As search engines move toward voice search, mobile personal assistants adoption is growing at a fast rate. While the transition is already happening, there is another interesting phenomenon to notice. The SERP has changed substantially in the last couple of years. As Google rolls out new features that appear on the “above the fold” (featured snippets, knowledge panels and featured snippets filter bubbles) those allow us to understand how voice search might look like.
In this article, we’ll focus mainly on the knowledge panel, why it is critical and how you can get it too.
The Knowledge Panel: The Google’s above the fold worth billions
The knowledge panel is a feature that Google uses to provide quick and reliable information about brands (be them personal or company brands). For instance, in the case above you can see that for the query “who’s Gennaro Cuofano” on the US search results Google is giving both a featured snippet (on the left) and a knowledge panel (on the right).
While the featured snippet aim is to provide a practical answer, fast; the knowledge panel aim is to provide a reliable answer (coming from a more authoritative source) and additional information about that brand. In many cases, the knowledge panel is also a “commercial feature” that allows brands to monetize on their products. For instance, you can see how my knowledge panel points toward books on Amazon that could be purchased in the past.
This space on the SERP, which I like to call “above the fold” has become the most important asset on the web. While Google first page remains an objective for most businesses, it is also true, that going toward voice search traffic will be eaten more and more by those features that appear on the search results pages, even before you get to the first position.
How does Google create knowledge panels? And how do you get one?
Knowledge panel: the key ingredient is Google’s knowledge vault
When people search for a business on Google, they may see information about that business in a box that appears to the right of their search results. The information in that box, called the knowledge panel, can help customers discover and contact your business.
In most cases, you’ll notice two main kinds of knowledge panels:
- Brand panels
- Local panels
While brand panels provide generic information about a person or company’s brand, local panels offer instead information that is local. In the example above, you can see how the local panel provides the address, hours and phone of the local business. In short, that is a touch point provided by Google between the user and the local business.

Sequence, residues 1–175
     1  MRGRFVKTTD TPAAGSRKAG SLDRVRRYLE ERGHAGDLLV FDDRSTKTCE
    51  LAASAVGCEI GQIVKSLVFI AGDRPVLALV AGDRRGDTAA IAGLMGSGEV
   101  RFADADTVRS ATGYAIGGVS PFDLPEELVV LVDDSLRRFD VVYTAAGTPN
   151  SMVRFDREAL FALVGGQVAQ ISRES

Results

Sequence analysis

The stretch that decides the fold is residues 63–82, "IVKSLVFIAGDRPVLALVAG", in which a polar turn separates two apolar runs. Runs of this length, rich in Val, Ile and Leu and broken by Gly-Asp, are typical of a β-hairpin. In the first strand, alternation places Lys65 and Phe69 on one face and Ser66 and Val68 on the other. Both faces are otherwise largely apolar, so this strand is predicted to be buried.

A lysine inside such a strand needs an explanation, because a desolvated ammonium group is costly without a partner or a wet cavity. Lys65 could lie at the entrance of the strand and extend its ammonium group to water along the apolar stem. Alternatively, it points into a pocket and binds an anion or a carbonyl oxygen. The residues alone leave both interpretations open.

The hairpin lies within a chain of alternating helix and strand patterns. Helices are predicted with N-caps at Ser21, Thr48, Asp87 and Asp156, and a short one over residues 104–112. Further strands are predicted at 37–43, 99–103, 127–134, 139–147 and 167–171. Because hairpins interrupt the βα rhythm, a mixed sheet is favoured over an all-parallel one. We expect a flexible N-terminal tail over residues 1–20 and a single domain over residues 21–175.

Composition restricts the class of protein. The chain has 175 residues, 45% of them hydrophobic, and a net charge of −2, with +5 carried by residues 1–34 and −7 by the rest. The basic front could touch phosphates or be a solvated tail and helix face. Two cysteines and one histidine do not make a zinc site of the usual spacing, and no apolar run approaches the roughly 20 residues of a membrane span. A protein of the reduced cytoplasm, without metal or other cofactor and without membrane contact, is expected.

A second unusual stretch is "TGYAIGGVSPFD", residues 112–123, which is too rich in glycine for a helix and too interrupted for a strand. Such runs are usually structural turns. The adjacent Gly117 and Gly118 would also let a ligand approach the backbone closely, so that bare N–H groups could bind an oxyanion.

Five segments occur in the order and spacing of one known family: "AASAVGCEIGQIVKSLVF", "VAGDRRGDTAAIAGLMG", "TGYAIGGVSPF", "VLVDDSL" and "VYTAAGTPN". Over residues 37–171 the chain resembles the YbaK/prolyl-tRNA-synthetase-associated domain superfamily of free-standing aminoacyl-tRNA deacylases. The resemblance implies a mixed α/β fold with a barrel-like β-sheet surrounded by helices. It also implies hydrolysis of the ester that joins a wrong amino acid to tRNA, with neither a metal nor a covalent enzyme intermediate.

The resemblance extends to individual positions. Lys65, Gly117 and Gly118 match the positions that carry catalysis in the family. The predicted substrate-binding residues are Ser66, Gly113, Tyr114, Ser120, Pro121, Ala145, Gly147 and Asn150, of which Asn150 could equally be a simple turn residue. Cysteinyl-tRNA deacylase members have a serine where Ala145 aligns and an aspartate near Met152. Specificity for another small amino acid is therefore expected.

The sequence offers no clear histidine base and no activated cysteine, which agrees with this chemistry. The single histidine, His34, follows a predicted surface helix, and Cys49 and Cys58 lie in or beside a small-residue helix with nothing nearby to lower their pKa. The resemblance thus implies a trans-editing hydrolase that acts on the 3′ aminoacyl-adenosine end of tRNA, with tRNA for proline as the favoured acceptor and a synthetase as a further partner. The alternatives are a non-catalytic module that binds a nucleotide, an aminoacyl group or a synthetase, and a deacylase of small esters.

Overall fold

Where does Google get the information from the knowledge panel? Google itself specifies that “Knowledge panels are powered by information in the Knowledge Graph.”
What is a knowledge graph?
Back in 2012 Google started to build a “massive Semantics Index” of the web called knowledge graph. In short, a knowledge graph is a logical way to organize information on the web. While in the past Google could not rely on the direct meaning of words on a web page, the knowledge graph instead allows the search engine to collect information on the web and organize it around simple logical phrases, called triples (for ex. “I am Gennaro” and “Gennaro knows Jason”).
Those triples are combined according to logical relationships, and those relationships are built on top of a vocabulary called Schema.org. In short, Schema.org defines the possible relationships available among things on the web.
Thus, two people that in Schema are defined as entity type “person” can be associated via a property called “knows.” That is how we might make clear to Google the two people know each other.
From those relationships among things (which can be people, organizations, events or any other thing on the web) a knowledge graph is born:
Where does Google get the information to comprise in its knowledge graph? As pointed out on Go Fish Digital, some of the sources are:
- Structured Data
- G+ Page
- And other sources
In short, there isn’t a single source from where Google mines the information to include in its knowledge panels.
Is a knowledge panel worth your time and effort?
Is it worth it to gain a knowledge panel?
A knowledge panel isn’t only the avenue toward voice search but also an organic traffic hack. It’s interesting to see how a good chunk of Wikipedia traffic comes from Google’s knowledge panels. Of course, Wikipedia is a trusted and authoritative website. Also, one consequence of knowledge panels might be the so-called no-clicks searches (those who don’t necessarily produce a click through from the search results pages).
Yet, as of now, a knowledge panel is an excellent opportunity to gain qualified traffic from search and get ready for voice search.
How do you get your knowledge panel?
- Use additional Schema properties to allow the cross-reference of the data
- Check if you have a Freebase ID
- Use Schema markup and structured data
- Create an item on Wikidata
- Create a Wikipedia page
As search is evolving toward AEO, it also changes the way you need to look at content structuring. As Google SERP adds features, such as featured snippets and knowledge panels, those end up capturing a good part of the traffic. Thus, as a company, person or business you need to understand how to gain traction via knowledge panels. The key is Google’s knowledge graph, which leverages on Google knowledge vault.
It is your turn now to start experimenting to get your knowledge panel!
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